3 out of 5 stars

Just over half a century ago, in August 1973, the voracious blaxploitation machine turned its attention to Mary Shelley’s Frankenstein… and the result was Blackenstein (1973). Fortunately, The Angry Black Girl and Her Monster—the debut feature of writer-director Bomani J. Story—has nothing obviously in common with that movie beyond a nearly all-Black cast and loose inspiration from Shelley’s novel, acknowledged by its alternative title The Modern Prometheus being scrawled on the cover of the protagonist’s notebook. 

Instead, this is a movie brimming with serious ideas (sometimes a bit too many) that’s strikingly well-shot for a presumably low-budget project, and it’s well-directed too. 

Produced by Crypt TV (as its first feature-length English-language film following the 2021 Hindi movie Chhorii), but distributed by Shudder, The Angry Black Girl and Her Monster (hereafter Angry Black Girl) begins with an overhead view of the titular girl walking up to the body of a boy, lying on the ground. After a few moments she walks away… and then, from outside the frame, drags him off-screen.

The fabulistic tendencies of Story’s movie are already evident in the way this brief scene is shot, but it also gets straight down to the business of the storyline. The teenage girl is Vicaria (Laya DeLeon Hayes), living in an unnamed US city (the film was shot in Charlotte, North Carolina); the dead boy is her brother Chris (Edem Atsu-Swanzy); and she plans to fix things, not by avenging his murder but by bringing him back to life. 

“Death is the disease that broke my family,” she says (not, as one might expect, anything as specific as violence, deprivation, or drugs), and if death is a disease “then there’s a cure. And I’m going to find it.”

Exactly how she achieves this isn’t explained, though it seems to involve a great deal of electricity (as in Frankenstein) and, in Chris’s case, some operations (seen only obliquely in gruesome, fleshy close-up) to restore his decaying corpse. She has, it emerges, been stealing bodies for a while (of which this gang-ridden, police-terrorised neighbourhood has a good supply) and taking them to her secret lab in a condemned building. It’s a kind of mad scientist version of the den that might feature in a movie about a more ordinary teen.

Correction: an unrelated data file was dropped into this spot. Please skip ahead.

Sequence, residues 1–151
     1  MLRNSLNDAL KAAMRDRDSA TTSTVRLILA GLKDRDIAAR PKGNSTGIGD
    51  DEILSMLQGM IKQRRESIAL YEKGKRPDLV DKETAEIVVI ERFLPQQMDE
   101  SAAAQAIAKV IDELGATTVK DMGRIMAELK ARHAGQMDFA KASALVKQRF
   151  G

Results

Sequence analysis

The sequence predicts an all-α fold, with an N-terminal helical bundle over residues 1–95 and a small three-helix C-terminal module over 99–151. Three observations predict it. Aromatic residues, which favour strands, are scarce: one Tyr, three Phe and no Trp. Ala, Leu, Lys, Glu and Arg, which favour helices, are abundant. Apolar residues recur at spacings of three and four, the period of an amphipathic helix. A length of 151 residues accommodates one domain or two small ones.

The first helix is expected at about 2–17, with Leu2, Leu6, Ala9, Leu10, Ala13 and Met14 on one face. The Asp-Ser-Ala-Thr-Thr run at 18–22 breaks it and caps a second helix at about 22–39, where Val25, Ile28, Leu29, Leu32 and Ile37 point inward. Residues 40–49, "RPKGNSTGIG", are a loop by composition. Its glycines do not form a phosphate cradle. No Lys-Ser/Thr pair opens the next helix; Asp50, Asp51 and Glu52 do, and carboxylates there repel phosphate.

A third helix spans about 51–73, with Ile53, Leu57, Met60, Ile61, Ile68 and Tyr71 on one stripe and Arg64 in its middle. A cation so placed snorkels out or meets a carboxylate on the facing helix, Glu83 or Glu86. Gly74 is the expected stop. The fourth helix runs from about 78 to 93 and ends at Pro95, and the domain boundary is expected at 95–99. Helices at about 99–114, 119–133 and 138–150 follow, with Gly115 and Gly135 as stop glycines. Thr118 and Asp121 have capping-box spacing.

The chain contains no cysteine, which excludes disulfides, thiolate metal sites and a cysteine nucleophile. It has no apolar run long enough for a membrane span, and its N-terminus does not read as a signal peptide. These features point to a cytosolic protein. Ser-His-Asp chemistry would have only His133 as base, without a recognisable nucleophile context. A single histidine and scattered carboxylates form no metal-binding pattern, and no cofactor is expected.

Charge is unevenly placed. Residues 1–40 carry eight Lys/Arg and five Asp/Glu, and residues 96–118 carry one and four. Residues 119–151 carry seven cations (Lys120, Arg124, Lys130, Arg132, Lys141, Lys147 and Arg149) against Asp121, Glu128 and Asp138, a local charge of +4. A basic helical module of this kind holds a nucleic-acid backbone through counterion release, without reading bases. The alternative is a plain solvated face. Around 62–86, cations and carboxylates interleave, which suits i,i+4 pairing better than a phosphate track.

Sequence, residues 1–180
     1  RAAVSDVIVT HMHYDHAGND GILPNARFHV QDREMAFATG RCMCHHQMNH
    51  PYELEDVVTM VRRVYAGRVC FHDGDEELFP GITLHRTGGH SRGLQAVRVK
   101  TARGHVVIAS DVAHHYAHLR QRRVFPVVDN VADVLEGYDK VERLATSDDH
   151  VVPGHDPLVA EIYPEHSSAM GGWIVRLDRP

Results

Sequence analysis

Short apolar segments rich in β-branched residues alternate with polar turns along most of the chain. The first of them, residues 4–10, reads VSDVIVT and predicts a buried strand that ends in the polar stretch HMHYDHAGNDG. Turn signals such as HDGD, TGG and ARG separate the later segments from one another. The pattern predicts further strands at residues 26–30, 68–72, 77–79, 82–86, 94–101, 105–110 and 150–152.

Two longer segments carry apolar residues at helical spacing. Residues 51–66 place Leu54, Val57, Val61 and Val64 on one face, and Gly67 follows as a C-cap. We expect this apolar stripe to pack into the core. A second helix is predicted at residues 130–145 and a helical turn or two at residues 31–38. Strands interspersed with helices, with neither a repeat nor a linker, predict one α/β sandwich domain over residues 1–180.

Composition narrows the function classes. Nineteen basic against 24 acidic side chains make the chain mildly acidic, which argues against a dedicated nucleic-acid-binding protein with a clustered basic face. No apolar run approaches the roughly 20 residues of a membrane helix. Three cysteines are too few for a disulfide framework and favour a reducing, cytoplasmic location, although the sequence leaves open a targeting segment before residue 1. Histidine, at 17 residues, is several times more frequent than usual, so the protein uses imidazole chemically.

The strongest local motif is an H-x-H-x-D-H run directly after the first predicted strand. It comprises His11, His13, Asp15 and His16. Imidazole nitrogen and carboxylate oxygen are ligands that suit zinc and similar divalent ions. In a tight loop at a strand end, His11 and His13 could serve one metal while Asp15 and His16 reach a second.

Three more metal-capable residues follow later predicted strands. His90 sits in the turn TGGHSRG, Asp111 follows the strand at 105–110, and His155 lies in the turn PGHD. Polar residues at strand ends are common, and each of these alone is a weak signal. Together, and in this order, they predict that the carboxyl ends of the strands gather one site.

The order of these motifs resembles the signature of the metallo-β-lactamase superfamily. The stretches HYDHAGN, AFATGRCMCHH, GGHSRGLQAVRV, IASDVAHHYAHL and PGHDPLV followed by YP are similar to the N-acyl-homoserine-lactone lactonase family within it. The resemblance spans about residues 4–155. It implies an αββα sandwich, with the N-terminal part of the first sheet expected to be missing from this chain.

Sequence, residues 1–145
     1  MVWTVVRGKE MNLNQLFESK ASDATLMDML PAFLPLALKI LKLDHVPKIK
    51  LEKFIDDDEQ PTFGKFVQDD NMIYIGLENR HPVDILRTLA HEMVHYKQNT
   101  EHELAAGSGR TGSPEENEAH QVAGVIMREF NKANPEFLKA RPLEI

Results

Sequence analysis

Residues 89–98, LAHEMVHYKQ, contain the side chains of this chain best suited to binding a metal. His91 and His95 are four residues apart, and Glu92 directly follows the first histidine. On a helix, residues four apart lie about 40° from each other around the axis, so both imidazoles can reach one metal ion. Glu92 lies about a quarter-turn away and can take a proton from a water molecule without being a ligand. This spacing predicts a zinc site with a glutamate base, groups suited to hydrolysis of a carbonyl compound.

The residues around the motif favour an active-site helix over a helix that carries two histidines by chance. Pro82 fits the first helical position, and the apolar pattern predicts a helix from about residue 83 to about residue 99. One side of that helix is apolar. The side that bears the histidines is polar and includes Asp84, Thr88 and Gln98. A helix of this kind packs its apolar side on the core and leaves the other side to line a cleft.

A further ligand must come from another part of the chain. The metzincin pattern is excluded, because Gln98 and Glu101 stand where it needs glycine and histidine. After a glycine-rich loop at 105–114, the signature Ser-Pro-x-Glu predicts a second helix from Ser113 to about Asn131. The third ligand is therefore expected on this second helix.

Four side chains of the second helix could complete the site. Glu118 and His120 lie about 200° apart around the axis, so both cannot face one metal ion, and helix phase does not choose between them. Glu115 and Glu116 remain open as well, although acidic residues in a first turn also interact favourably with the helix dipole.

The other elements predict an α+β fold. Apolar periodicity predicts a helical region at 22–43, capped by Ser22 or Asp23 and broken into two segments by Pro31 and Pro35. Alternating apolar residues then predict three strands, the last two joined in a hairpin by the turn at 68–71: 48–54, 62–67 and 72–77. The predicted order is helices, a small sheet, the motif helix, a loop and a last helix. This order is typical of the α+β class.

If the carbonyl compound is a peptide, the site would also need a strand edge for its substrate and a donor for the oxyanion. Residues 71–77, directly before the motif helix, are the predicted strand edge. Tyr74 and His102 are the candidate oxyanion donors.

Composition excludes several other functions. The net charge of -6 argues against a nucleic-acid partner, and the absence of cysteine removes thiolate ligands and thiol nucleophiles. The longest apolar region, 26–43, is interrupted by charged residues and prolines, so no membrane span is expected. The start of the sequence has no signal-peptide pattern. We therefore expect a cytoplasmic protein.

Vicaria has also been irritating her (white) teacher, a deeply unlikeable woman called Mrs Kempe (Beth Felice)—whose given name is surely Karen—with wild theories about overcoming death. But nobody seems to have yet figured out that Vicaria is what the locals are calling the “body snatcher”; nor, when her attempt to revivify Chris is successful, do they at first realise quite who or what he is.

However, an attack by the resuscitated Chris on another young man (Jeremy DeCarlos), as well as an incident with some missing drugs, brings Vicaria to the attention of gang leader Kango (Denzel Whitaker), who tries to force her to put her science skills to work in his rather different lab. Meanwhile, Chris is still at large, and you can’t keep a growling, lumbering, easily enraged creature quiet for long…

The narrative framework of The Angry Black Girl is thus simple: a girl brings her brother back from the dead, and her no-longer-dead brother becomes an all-too-alive threat—but Story, his cast, and cinematographer Daphne Qin Wu hangs on it some engaging characterisations, some well-staged and shot scenes, and a lot of points about race.

It’s the last element that doesn’t always work—not because they’re invalid points, but because they often have nothing to do with the rest of the film. Some of them, certainly, are effective in establishing milieu and character: even small kids in Vicaria’s neighbourhood tentatively kick a police car that’s parked near their homes, and when she’s asked if she’s smart because she goes to a “white school”, she replies “the white school is smart because I go there.” The recitation of Black female inventors, similarly, serves to illustrate the company in which Vicaria should be regarded (or wants to be regarded).

But didactic addresses on the relative merits of Christopher Columbus and Malcolm X, a stilted and info-dumping dinner-table conversation about race, or the hyperbolic hint in a conversation between Vicaria and Kango that white people are to blame for death itself, seem to add nothing to the central tale. Unless, of course, Story sees the movie as being primarily about teacher Mrs Kempe’s attempts to suppress Vicaria’s scientific imagination.